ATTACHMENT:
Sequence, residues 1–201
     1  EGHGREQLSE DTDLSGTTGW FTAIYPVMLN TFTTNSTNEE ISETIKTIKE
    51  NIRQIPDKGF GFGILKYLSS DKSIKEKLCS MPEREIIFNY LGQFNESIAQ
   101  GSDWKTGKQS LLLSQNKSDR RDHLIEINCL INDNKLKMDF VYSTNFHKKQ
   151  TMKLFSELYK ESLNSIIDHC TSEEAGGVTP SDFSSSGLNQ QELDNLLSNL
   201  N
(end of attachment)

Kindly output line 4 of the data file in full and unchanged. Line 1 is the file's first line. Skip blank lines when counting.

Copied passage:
   101  GSDWKTGKQS LLLSQNKSDR RDHLIEINCL INDNKLKMDF VYSTNFHKKQ